How Soon Do To-Be-Newlyweds Merge Their Incomes?

You love each other and you are going to marry. You are going to blend your lives and share everything. You will share your home, your time, your future, and your laundry. This is a bit of a challenge, but with a little effort, they are easy enough. As you face merging your incomes, you may feel a bit scared. This is a big exercise in trust, and one that will help you grow as a couple. It is okay to be nervous, but as long as you commit to this step together, you will be just fine. Remember, this is your foundation. A great foundation is step one to a strong and solid life.


Let’s get started with some helpful tips.

Start referring to “your” money as “our” money.

As silly as this sounds, it is very important. You both must learn to look at the money each of you brings into the home as “our money”. You no longer have an income and your spouse has an income; your joint income is the income you have. This is an exercise and it takes a little time. Encourage each other and think of the great buying power you have as a “we”. Besides, learning to say “our money” is not as hard as learning to say, “our closet space”!


Cut expenses and plan for your financial future

Your early years, pre-children, are the years you need to work on a clear and financially sound future. Children bring love like no other. They bring laughter, and goals.  However, they are also children quite an expense! Before you begin your family, pay off debt, get rid of student loans, and ramp up your emergency savings. Consider personal fundraising by setting up a Crowdfunding registry. This allows people who want to give you a gift, or contribute to your future a place to privately donate. In lieu of wedding gifts, shower gifts, or even annual gifts that you receive, you can get the gift of a financially stable future. There is nothing more wonderful than creating life together, so don’t let some lingering bills rob your joy.

Planning a family

If you are planning to have children in the next few years, choose a time to adjust your income. Budget to where one of your incomes covers monthly bills and the other goes paying down debt and savings. Keep this plan moving until the time comes. Leave room for human error. It is okay if you fall short every now and then and splurge on a weekend away. It’s a plan and it should be fun not feel like financial punishment.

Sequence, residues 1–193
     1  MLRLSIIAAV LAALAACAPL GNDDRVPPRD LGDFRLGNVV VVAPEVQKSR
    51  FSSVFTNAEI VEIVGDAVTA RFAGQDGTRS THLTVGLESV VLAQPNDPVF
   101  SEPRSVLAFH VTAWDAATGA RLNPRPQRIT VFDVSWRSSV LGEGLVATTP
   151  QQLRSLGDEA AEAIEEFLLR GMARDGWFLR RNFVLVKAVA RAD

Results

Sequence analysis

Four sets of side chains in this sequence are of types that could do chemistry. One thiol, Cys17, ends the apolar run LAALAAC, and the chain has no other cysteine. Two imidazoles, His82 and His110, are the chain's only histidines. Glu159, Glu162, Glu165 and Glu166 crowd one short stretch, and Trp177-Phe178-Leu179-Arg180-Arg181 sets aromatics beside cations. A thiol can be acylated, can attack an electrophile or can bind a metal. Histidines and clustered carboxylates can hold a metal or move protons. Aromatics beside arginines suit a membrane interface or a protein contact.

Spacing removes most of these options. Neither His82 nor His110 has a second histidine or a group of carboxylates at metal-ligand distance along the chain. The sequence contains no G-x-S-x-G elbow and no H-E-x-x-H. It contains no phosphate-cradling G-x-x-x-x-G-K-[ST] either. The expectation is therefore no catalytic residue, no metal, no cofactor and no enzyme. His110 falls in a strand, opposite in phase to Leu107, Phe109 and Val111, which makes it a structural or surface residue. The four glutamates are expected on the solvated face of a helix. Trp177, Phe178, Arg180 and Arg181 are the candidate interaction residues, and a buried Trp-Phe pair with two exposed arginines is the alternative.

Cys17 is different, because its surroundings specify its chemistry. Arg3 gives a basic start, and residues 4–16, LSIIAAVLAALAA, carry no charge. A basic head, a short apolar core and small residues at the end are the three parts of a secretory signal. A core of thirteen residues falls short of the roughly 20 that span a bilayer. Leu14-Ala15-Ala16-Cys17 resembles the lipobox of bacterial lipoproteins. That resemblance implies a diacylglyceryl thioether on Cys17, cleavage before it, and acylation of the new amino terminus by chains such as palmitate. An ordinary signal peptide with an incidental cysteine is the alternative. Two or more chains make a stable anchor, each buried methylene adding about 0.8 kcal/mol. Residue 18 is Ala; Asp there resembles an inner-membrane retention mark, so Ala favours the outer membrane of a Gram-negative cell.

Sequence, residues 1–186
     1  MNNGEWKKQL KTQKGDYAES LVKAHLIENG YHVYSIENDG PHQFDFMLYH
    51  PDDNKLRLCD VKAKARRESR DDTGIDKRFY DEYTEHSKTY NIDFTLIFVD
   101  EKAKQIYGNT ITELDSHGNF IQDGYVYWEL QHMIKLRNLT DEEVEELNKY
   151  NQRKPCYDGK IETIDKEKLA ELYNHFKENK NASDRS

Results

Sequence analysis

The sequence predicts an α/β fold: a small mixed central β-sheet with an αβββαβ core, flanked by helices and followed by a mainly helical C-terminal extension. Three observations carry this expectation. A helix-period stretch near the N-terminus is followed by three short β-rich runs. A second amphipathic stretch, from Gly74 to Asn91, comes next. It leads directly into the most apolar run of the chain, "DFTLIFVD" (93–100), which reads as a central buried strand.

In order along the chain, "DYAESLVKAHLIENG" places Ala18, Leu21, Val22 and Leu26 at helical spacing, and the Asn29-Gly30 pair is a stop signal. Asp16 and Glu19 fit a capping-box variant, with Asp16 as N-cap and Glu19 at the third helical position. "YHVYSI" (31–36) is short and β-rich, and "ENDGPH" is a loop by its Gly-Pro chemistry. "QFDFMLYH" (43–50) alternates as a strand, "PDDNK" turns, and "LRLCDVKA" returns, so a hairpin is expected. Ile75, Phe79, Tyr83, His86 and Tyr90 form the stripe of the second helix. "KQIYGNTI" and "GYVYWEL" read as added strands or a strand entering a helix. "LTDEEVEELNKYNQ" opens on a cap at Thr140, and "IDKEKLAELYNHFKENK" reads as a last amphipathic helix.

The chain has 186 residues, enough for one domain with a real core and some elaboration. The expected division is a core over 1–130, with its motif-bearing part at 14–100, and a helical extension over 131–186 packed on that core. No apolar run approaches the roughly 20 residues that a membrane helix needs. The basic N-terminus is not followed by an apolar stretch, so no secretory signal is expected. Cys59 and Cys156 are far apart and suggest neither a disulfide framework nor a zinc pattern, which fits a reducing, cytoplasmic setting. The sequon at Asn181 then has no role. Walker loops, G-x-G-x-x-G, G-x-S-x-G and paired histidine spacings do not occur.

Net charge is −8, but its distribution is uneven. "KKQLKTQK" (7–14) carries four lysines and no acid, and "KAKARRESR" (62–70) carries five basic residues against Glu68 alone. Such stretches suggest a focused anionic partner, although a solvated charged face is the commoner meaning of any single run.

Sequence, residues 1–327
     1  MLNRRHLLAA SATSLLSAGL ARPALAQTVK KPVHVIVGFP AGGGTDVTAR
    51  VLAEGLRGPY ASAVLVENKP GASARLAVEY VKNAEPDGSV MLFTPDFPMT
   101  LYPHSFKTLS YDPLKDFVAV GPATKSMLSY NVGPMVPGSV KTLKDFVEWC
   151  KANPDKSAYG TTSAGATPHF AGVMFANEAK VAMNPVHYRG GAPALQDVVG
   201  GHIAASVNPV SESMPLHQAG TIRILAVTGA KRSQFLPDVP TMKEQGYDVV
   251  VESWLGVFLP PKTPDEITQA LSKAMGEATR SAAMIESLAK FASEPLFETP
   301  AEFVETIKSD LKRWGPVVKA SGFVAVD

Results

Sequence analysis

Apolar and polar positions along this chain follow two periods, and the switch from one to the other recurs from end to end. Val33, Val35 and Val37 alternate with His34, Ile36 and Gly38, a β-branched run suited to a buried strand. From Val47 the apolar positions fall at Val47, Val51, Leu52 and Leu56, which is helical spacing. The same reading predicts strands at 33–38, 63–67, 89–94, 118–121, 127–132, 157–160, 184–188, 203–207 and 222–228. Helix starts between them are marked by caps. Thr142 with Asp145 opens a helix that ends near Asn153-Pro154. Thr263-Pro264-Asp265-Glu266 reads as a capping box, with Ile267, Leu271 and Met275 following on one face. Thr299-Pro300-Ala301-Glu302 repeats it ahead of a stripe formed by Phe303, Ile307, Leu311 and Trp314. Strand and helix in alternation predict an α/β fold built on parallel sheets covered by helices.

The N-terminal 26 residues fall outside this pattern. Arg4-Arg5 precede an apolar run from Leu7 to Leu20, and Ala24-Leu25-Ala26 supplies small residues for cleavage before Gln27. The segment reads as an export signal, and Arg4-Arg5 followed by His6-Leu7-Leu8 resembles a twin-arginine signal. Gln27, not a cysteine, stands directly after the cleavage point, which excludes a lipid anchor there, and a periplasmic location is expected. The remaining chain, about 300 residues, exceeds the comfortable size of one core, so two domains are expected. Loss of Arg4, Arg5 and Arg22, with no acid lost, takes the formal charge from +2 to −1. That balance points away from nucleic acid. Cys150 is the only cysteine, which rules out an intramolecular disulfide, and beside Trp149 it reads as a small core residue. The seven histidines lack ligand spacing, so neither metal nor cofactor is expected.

Once children arrive, you will have some major financial adjustments. With your plan in place, you can reallocate the funds going into savings and paying debt down. One parent may choose to stay home with the child as if both parents work full-time away from home, day care can be quite an expense. Raising a child is like trying to catch the wind, just when you think they are going one way wearing a football kit they show up in a band jacket, dragging a tuba. Enjoy the ride and don’t take things too seriously.


Take an honest look at what is eating up your income. If student loans are the problem, look into student loan forgiveness programs. Many programs exist to allow relief from student loans. Are you paying off too many credit cards? Focus on paying them off, one by one. Do not overlook individual retirement accounts. In 2016 a working spouse can contribute up to $5500.00 into a nonworking spouse’s account ($6500 if you are over 50) if you qualify. Your income becomes one. However, couples who set up their finances where the income of one spouse pays monthly bills, are a lot happier and there is a lot less stress. Create a good financial plan as you begin your life as a couple and have a wonderful life together.


photo credits: greenweddingshoes, pinterest, instaliga

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